Event Information:

  • Tue

    Lancaster Summer School in Corpus Methods for the Humanities

    Lancaster University, UK

    The Lancaster Summer School in Corpus Methods for the Humanities is a new addition to our annual event for 2015.

    About this Summer School

    Across the Arts and Humanities, a number of parallel trends are developing new methods, especially digital methods, for reading text and texts. We see this in the form of the Digital Humanities enterprise, but also in renewed interest in different forms of Distant Reading.

    Thus there exists a growing need for advanced digital-methods training for Arts and Humanities researchers – especially but not only in the fields of History and Literary Studies, where the large-scale analysis of textual databases is increasingly important. Meanwhile, a set of effective tools and techniques have been developed within the discipline of Corpus Linguisticswhich can answer this methodological need. In particular they allow jointly qualitative-quantitative analyses which go beyond statistical summary to a critical engagement with text and context.

    The Lancaster Summer School in Corpus Methods for the Humanities has been inaugurated to help explore and extend the benefits of these approaches for researchers, particularly PhD students and other junior researchers, in arts and humanities fields.

    The summer school's syllabus draws on expertise from across several departments at Lancaster University – History, English and Creative Writing, Linguistics and English Language, and Computing and Communications. Lancaster's UCREL research centre has been at the forefront of the field of Corpus Linguistics since its foundation in the 1970s, and is now a leading centre for the development of corpus methods in other fields across the Arts, Humanities, and Social Sciences.

    Who is this summer school for?

    This event is aimed at junior arts and humanities researchers – especially but not only PhD students and postdoctoral researchers – in any discipline. Anyone in these fields with an interest in novel methodologies, digital humanities, distant reading, “big data” or generally in the use of large textual databases such as EEBO-TCP, newspaper archives, and so on, will find this summer school of interest.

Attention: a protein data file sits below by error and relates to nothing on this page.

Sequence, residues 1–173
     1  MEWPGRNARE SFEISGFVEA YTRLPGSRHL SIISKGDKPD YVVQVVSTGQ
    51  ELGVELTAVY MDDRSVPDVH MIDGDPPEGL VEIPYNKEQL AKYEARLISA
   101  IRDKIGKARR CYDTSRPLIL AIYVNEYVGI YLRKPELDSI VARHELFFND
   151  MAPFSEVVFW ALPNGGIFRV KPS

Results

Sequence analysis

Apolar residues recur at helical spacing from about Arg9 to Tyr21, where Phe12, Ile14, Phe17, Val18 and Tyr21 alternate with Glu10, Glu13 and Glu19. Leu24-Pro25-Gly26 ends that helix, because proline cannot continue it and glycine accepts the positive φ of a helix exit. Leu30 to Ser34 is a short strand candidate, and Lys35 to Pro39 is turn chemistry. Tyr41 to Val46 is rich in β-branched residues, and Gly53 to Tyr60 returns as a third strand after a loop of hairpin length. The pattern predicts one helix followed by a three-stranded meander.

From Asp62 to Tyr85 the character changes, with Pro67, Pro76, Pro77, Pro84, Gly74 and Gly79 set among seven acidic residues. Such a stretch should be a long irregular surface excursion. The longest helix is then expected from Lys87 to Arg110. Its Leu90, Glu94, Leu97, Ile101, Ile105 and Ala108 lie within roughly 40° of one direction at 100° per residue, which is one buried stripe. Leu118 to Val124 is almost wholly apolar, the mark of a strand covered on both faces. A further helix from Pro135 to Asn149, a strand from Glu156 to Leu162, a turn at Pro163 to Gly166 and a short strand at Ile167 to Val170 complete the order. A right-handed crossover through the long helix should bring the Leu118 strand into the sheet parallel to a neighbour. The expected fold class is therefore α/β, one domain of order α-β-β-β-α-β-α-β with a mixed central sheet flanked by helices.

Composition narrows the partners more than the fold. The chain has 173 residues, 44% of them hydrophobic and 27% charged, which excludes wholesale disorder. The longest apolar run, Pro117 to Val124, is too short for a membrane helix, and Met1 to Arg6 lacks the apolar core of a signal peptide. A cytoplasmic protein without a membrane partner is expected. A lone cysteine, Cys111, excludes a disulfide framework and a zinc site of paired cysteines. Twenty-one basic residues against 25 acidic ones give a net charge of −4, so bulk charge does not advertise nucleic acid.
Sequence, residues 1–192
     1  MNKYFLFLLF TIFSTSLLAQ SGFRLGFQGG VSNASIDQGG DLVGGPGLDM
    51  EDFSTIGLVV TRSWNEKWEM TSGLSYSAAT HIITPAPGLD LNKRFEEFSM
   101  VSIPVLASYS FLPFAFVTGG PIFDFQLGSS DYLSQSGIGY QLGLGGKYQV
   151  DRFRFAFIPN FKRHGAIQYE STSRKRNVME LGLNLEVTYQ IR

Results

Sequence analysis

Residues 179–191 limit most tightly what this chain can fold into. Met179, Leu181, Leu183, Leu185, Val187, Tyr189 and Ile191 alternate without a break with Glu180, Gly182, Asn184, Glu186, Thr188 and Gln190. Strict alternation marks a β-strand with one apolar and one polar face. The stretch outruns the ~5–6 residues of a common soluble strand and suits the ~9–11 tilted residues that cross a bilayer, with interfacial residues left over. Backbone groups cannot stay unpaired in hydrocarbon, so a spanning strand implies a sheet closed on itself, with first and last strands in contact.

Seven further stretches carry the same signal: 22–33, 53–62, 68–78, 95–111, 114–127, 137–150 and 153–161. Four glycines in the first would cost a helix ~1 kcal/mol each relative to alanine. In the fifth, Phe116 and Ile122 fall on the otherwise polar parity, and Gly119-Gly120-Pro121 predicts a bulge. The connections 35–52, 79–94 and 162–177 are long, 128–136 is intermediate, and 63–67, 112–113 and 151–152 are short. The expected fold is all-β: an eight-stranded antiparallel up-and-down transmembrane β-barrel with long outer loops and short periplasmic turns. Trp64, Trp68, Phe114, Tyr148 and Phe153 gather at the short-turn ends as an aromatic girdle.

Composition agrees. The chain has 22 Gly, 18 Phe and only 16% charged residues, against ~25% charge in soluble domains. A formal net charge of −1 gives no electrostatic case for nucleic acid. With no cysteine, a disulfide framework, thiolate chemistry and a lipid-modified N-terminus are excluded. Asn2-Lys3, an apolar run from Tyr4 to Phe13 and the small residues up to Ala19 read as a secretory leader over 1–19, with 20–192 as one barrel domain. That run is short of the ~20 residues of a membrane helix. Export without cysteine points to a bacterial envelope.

Please note that we assume no knowledge of language and linguistics in general, or of corpus linguistics specifically, in this Summer School. If you are a linguist who already has some experience with corpus linguistics, the UCREL Summer School is a better event for you.

    What topics does this Summer School cover?

    The programme consists of a series of intensive two-hour sessions, some involving practical work, others more discussion-oriented. The initial sessions on basic, foundational methods are conducted jointly with the co-located ESRC Summer School in Corpus Approaches to Social Science. These introductory sessions are followed by a series of discussions of advanced contemproary research using corpus methods in the humanities: conceptual early modern literary studies, and Shakespearian stylistics more specifically. Speakers, and their (provisional) session titles, include:

    • Andrew Hardie — Introduction to corpus linguistics / Corpus tools and techniques
    • Dana Gablasova — Collecting corpus data
    • Amanda Potts — Foundational techniques: linking quantitative results to qualitative analysis
    • Tony McEnery — Foundational techniques: keywords
    • Claire Hardaker — Foundational techniques: collocation
    • Tony McEnery/Helen Baker — Studying social history with corpora: prostitution in the 17th century
    • Alison Findlay — Using corpora in early modern Literary Studies
    • Alistair Baron — Spelling variation: problems, analysis and solutions
    • Stephen Pumprey — Studying conceptual history using EEBO-TCP
    • Jonathan Culpeper — Exploring Shakespeare's language with corpus techniques

    There are additional daily lectures shared with the other four Summer School events, each illustrating cutting-edge research using corpus data:

    • Tony McEnery — Representations of Islam in the UK press
    • Ian Gregory — Using corpus data in Geographical Information Systems
    • Veronika Koller — Metaphor in the language surrounding end-of-life care

    The full timetable will be made available on this page when completed.

    In addition, participants in this Summer School will have the opportunity to meet and consult with members of the CASS Challenge Panel, a group of prominent specialists in corpus methodology.

    How to apply

    The Summer School in Corpus Methods for the Humanities is free to attend, but registration in advance is compulsory, as places are limited. For more details, click here.